It was the very air that the style-obsessed Johnson breathed. Yet his life and work bear witness to Barthelme’s point about polished art not really reflecting or redeeming our messy lives. As meticulous and demanding as he was with designs, Johnson couldn’t run an office. (Once in charge, he didn’t like sharing the spotlight; Lamster calls the Seagram design team “essentially dysfunctional.”) In general, he didn’t think rules applied to him. He enjoyed upending things, blowing up accepted practices. It was the source of his incredible energy and inventiveness; it also made him seem like the entitled, sheltered but slighted child he was, fighting to gain attention and resentful when he didn’t get it. His lawyer-investor father disapproved of Johnson’s homosexuality.
In this light, it’s odd that Lamster doesn’t report what Johnson thought of Ayn Rand’s novel, ‘The Fountainhead’ – if he ever read it or saw the laughable, Gary Cooper film adaptation from 1949. Perhaps he never read it or saw the film, perhaps he never put his responses in writing. On the one hand, Johnson would have hated its clunky and overblown style. And its hero, the uncompromising architect Howard Roark, was inspired by one of Johnson’s bête noires, Frank Lloyd Wright. On the other hand, the architect as a solitary, world-creating genius who deserved to brush aside the ‘principles’ of lesser mortals chimes well with Johnson’s own Randian aims: “Submission to an artistic dictator,” he wrote about the right way to run a design team, “is better than an anarchy of selfish personal opinion.”
It should come as no surprise, then, that Johnson morphed into a corporate opportunist and aesthetic magpie. By the ’70s, he found a favorite, big-money haven in Texas, especially Houston and Dallas. And by then, like many other designers, he’d been trying to bust out of the Miesian ‘glass box.’ He produced a remarkable variation on it by splitting one in half and re-joining it for Houston’s twinned-tower Pennzoil Place (1976). But it was a signal: The possible variations on that theme were running out. He soon turned to rummaging through history for whatever decorative little jewels he could daub onto the same, old office buildings and impress his business clients with their fancy new headquarters. It was his substitute for real opulence. He surfaced towers with stone (a costly endeavor) or gave them elaborate entrances, barrel vaults, sconces and Lego-block, ziggurat rooflines (Houston’s Republic Bank Center – now the Bank of America Center).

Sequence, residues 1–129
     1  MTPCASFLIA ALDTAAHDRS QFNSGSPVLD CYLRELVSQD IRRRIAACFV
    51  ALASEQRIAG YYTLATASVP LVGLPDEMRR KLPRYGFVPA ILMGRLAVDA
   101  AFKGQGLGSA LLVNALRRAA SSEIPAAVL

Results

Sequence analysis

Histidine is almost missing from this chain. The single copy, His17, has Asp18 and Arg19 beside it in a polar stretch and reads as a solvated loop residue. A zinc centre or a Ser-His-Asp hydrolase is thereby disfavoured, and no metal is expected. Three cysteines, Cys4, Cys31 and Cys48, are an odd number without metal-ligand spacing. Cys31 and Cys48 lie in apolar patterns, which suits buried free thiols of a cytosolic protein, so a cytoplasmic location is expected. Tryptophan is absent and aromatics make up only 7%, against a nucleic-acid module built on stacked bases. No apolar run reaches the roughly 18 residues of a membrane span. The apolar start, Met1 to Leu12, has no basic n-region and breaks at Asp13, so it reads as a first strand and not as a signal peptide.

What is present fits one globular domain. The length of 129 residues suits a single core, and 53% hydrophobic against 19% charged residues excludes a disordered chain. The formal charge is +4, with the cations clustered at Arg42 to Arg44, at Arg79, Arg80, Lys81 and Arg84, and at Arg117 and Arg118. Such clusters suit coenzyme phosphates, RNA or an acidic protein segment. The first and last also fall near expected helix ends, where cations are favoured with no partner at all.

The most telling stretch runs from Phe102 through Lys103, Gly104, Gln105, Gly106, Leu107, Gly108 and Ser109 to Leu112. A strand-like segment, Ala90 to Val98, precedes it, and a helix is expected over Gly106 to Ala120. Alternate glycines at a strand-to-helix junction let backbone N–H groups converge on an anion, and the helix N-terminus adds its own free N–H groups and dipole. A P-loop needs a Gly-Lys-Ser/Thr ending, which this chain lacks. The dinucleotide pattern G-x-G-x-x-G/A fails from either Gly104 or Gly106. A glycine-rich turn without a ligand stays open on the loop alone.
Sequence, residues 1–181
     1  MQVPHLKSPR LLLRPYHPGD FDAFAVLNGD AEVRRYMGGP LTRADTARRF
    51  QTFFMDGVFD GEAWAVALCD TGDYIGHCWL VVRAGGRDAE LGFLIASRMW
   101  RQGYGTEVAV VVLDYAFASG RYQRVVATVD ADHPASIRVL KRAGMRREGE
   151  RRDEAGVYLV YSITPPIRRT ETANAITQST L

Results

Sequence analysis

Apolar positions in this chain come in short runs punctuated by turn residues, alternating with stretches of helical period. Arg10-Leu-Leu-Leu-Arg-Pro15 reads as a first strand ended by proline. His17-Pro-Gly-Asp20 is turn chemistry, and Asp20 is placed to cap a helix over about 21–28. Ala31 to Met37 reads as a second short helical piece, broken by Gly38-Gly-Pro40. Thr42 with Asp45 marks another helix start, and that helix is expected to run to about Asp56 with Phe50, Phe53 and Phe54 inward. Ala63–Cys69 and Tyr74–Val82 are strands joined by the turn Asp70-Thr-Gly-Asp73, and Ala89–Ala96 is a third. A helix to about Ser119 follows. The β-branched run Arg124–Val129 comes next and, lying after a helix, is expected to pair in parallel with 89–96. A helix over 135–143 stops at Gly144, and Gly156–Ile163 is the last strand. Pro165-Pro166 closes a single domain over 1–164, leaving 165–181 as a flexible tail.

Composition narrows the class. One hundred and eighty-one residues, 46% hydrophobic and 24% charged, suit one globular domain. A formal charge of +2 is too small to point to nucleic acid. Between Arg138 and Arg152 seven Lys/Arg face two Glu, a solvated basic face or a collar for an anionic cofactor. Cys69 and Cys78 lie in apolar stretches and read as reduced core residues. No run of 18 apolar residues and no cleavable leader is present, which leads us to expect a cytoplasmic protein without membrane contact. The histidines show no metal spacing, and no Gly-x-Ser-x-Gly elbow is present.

Once upon a more dogmatic time, Johnson called the streamlined detailing of the Chrysler Building just so much kitsch. Now, tarted-up, historic embellishment was what he sold. Even as post-modernism was becoming what Lamster calls the single most reviled architectural style of the 20th century, Johnson completed his apotheosis. His famous Chippendale-roofed AT&T building put him on the cover of ‘Time’ in 1979. That same year, he was the first winner of the Pritzker Prize. He’d become “the most prominent skyscraper architect in the world.”
Still, taking the long view, Johnson’s professional makeovers are eyebrow-raising. How did a rich kid from Cleveland, a sharp but thoroughly unfocused Harvard student, a wannabe powerbroker eager to advise Huey Long or better yet, bankroll his own ruthless, right-wing candidacy, a dashing gay man who enjoyed both Nazi rallies and Weimar Berlin cabarets, an exacting designer who earned his architect’s license in Connecticut because the requirements were easier than New York’s – how did this character become a towering advocate for architecture, a friend of Jackie Onassis, the poster child for post-modern ‘starchitecture’ and the mentor for such next-generation talents as Frank Gehry, Michael Graves, Richard Meier and Zaha Hadid?
As Lamster shows, his crucial step was becoming – of all things – a museum curator. In the early ’30s, Johnson was ostensibly still in college, but he was already zipping through different political, intellectual and architectural wardrobes, donning and doffing whatever he found appealing. He became part of an arts-centric Harvard circle that included Lincoln Kirsten (later, the co-founder of New York City Ballet) and Alfred Barr, who would become the first director of the fledgling but Rockefeller-backed Museum of Modern Art. At MoMA, the post of curator – part academic researcher, part interior decorator – played to Johnson’s strengths and deepest desires. He had money and didn’t hesitate to use it to gain influence, he loved to decide who was in and who was out – to be the tastemaker, the gatekeeper, the Pope. He also liked to be modern, to be ahead of everyone else, but with flair, not intellectual rigor.